Margaret Doughty, the atheist seeking to become an American citizen who was prevented from doing so because she didn’t have a religious basis for being a conscientious objector, has won her case with help from the American Humanist Association. They said in a press release:
U.S. immigration officials have reversed their demand that an atheist woman applying for U.S. citizenship get a letter from a church to justify her request to opt out of the requirement that she “bear arms” in defense of the United States.
The reversal comes after Margaret Doughty, 64, was assisted by the American Humanist Association’s Appignani Humanist Legal Center in her fight to defend her constitutional right to assert a secular moral basis for her conscientious objector status, rather than a religious one. Ms. Doughty has been a legal resident of the U.S. for over 30 years.
“The Constitution requires that secular beliefs and religious beliefs be treated equally under the law, and we’re pleased that officials at U.S. Citizenship and Immigration Services have reversed course and recognized this,” said Bill Burgess, attorney for the American Humanist Association’s Appignani Humanist Legal Center. “We hope Margaret Doughty’s case ensures that non-religious applicants for U.S. citizenship are treated fairly.”
A letter was sent by the Appignani Humanist Legal Center to U.S. Citizenship and Immigration Services officials June 17 outlining the Supreme Court rulings that require the government to treat secular and religious conscientious objectors alike.In response to the AHA letter and many other letters, the USCIS decided to reverse course and withdraw its request for evidence, stating to Ms. Doughty in an e-mail sent this afternoon: “In light of the full explanation in support for your request for an exemption from bearing arms as it relates to the naturalization oath, this Service hereby withdraws the request for evidence (RFE) issued on June 7, 2013. This Service accepts your detailed statement in satisfaction of the information requested by the RFE. Your application for naturalization has been approved.”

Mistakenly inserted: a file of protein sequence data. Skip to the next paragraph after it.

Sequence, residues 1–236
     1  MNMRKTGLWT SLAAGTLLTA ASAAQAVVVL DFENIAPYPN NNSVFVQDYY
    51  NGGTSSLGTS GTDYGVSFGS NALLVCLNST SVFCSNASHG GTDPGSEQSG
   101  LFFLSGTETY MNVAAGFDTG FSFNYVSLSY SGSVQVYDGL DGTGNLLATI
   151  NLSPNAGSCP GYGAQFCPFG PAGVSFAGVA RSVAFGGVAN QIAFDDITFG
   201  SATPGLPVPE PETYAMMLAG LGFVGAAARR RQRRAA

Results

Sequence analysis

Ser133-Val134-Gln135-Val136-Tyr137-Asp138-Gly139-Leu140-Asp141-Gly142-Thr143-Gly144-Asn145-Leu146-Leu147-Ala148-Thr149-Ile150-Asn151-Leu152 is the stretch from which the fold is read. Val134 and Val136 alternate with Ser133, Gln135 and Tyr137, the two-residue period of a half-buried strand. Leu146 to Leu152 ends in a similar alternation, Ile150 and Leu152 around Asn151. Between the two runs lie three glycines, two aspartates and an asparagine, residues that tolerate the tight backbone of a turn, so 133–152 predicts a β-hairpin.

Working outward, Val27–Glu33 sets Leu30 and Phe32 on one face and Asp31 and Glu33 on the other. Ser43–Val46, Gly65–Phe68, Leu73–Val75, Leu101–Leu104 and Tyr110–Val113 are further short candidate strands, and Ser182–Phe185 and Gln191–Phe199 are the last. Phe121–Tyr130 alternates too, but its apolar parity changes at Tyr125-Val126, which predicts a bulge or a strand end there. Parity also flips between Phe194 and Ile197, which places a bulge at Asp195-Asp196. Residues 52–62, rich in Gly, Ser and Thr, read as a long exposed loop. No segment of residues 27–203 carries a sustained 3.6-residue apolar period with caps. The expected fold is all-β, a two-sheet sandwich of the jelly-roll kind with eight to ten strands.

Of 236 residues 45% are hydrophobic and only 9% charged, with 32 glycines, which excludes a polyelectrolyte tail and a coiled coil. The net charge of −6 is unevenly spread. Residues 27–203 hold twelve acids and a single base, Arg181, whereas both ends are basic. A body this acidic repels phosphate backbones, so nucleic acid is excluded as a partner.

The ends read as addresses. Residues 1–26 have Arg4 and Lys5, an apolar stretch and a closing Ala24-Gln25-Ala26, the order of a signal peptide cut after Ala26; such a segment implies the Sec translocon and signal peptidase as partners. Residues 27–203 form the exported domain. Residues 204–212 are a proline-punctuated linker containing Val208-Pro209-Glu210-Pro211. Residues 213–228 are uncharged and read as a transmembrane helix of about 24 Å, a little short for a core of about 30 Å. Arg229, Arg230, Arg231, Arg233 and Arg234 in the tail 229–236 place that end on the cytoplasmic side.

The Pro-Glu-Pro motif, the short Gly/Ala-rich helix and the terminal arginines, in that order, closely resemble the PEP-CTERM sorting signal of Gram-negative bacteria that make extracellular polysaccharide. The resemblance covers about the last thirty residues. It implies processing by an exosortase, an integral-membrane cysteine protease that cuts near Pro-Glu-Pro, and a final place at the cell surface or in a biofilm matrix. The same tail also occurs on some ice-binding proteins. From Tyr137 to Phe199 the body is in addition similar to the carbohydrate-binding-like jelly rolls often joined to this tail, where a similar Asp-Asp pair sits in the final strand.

As soon as Margaret received this e-mail, she called AHA’s attorney Monica Miller. “I am truly grateful for all of the wonderful support I have received in this process,” Margaret said to Miller. Margaret added, “I think the AHA letter swayed everything.”
During the steps required to becoming a naturalized citizen, Doughty openly expressed her objection to warfare to immigration officials because part of the process includes an oath of loyalty which, in part, requires a pledge that the new citizen would bear arms in the county’s defense. The law permits those who object to doing so for moral reasons to omit this portion of the oath.
Victory! Great news.